Mr. Nixon’s history demonstrates that, media hand-wringing aside, the Republic is sufficiently well-built to withstand anything Mr. Trump and his die-hard supporters can throw at it, notwithstanding the damage done to it by decades of neoliberal actions.  Of more concern is that before the dust settles, we not let the establishment – and especially its media – successfully sell the line, as they did after Ford’s pardon of Nixon, that having too much democracy is a bad thing.  Rick Perlstein should now be regarded as essential reading.


  10. earlofhuntingdon says:

    As Marcy notes, expansion of the Special Counsel’s jurisdiction beyond this letter of appointment is dependent on approval from Rosenstein, or whomever is acting as AG at the time the question arises.  And although Mueller can make recommendations to the AG regarding it, taking action with regard to non-criminal liability is explicitly beyond the Special Counsel’s jurisdiction.

    As I said above, an important public interest at play here is to have a wide scope of issues investigated, documented and made public.  Loss of office and potential criminal liability for Trump and/or his associates is only the tip of the spear.

  11. christopher o'loughlin says:

    Thank you for your insight and succinct summation of Special Counsel vs Prosecutor. Amerithrax is an apperant numinous mystery thanks in part to Mueller’s leadership.

  12. wayoutwest says:

    It’s not surprising that some snowflakes are having buyers remorse now that they have their SC. He is not even being identified as a special prosecutor because there is nothing to prosecute from the Russian hack/cooperation fiasco. The snowflakes foolishly believed that Trump’s DOJ would give them access to an open ended unrestricted witch-hunt for at least the next two election cycles. This is not happening and an adult has been tasked with wrapping up the investigation that has never found or shown any evidence of wrongdoing.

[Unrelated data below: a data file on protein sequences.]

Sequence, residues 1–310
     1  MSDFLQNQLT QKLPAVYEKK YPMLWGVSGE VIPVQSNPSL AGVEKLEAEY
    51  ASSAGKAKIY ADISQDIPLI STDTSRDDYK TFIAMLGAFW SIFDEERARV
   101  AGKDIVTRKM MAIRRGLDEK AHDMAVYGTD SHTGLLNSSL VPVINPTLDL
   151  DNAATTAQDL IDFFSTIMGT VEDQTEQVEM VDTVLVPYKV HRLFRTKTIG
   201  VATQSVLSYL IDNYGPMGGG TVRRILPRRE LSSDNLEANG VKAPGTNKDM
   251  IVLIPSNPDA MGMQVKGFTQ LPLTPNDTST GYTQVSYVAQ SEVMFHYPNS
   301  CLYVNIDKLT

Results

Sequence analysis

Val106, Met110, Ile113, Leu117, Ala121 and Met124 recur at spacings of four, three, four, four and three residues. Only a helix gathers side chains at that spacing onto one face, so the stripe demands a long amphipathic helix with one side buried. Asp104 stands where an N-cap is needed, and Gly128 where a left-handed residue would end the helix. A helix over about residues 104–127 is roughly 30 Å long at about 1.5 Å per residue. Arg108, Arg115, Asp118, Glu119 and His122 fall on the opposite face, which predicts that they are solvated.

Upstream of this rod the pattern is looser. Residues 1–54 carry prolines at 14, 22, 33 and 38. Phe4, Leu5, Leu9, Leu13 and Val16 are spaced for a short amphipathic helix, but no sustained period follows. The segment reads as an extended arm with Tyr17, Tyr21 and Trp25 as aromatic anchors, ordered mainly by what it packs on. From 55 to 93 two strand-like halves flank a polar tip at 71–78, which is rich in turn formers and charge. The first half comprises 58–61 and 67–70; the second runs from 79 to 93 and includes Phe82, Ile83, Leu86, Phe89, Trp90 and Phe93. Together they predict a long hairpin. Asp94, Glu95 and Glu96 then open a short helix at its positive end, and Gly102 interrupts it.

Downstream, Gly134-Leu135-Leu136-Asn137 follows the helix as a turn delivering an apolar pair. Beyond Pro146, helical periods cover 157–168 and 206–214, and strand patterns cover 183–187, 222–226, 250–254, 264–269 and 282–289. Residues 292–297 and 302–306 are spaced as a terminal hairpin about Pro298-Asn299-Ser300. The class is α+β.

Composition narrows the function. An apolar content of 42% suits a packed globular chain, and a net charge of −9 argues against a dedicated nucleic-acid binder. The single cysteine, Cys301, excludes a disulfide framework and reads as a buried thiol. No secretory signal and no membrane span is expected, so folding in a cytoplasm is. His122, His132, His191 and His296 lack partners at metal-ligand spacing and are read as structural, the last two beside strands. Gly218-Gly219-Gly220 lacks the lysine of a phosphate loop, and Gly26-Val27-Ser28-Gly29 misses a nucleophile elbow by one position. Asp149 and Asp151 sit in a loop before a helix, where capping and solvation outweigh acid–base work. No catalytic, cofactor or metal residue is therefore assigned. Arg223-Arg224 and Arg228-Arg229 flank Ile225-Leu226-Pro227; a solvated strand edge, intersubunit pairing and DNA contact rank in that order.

Specious claims issuing from unidentified sources such as giving the Russians our secrets or Comey begging for aid from congressmen for this investigation may continue but Muller should be able to bring some order and quash rumors without evidence.

    All of this rumor mongering and witch-hunting is effective during the accelerated election cycle but this fiasco should wrap up and be forgotten by the next election and the Clintonites will have to find another meme to deflect voters attention from their serial failures and loses.

    I thought the unverified ‘obstruction of justice’ meme might gain some traction as a serious charge but even that rumor is weak. Flynn was subject to a  counterintelligence investigation not a criminal investigation so there was no justice issue being obstructed, if it even happened.

  13. earlofhuntingdon says:

    The flurry of news about Flynn today includes that McGahn and Pence, as head of the Trump transition team, would have known that Flynn was already under FBI investigation at the time Trump formally nominated him to be NSA, which undercuts any “surprise” Trumpistas claim to have experienced upon “learning” about Flynn’s indiscretions.  (As if Flynn having been fired as head of the DIA wasn’t enough of a red flag.)

    Pity that Trump had as much awareness of proper vetting of his top staff as he does about any other aspect of governance.  (Has no one ever dared tell him ignorance is not always bliss?)  Pity, too, that none of the Goopers on the Senate committee approving Flynn’s nomination as NSA had the slightest interest in doing their jobs rather than in expressing their loyalty to Donald Trump.  After all, the NSA is only the vortex through which the government’s most prized secrets flows.

  14. SpaceLifeForm says:

    AntiVirus vendors may be blocking Wannacry (some), but it does not mean that they are blocking EternalBlue (and DoublePulsar).

    Securing Windows is hard. Actually, any OS.
    All computer and network security is hard work, seriously hard work.

    Ask the NSA and CIA how hard of a job it is.
    They can tell you about ShadowBrokers and Vault7.

    So far, 3 of 11 tested are doing it.

  15. earlofhuntingdon says: